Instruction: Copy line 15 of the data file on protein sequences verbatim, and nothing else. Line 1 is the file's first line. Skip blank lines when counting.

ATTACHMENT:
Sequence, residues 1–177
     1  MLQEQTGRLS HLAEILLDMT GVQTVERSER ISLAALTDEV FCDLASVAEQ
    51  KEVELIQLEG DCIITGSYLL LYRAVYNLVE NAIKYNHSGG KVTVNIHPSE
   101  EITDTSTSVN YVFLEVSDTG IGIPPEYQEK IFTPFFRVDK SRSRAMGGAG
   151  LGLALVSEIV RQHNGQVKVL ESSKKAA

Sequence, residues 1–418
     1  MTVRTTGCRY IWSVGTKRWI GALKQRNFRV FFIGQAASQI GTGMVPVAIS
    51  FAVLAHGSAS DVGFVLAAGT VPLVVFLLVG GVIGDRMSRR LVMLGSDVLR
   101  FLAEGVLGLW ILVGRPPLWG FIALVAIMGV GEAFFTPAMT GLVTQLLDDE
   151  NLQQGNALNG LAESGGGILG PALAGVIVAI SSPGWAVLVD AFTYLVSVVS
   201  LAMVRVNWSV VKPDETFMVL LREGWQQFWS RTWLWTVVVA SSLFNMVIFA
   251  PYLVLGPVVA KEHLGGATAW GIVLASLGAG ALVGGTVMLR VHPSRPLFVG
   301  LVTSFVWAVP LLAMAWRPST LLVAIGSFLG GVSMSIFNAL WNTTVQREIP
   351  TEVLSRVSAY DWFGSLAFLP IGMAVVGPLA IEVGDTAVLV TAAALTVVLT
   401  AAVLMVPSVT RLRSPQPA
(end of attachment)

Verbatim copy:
   401  AAVLMVPSVT RLRSPQPA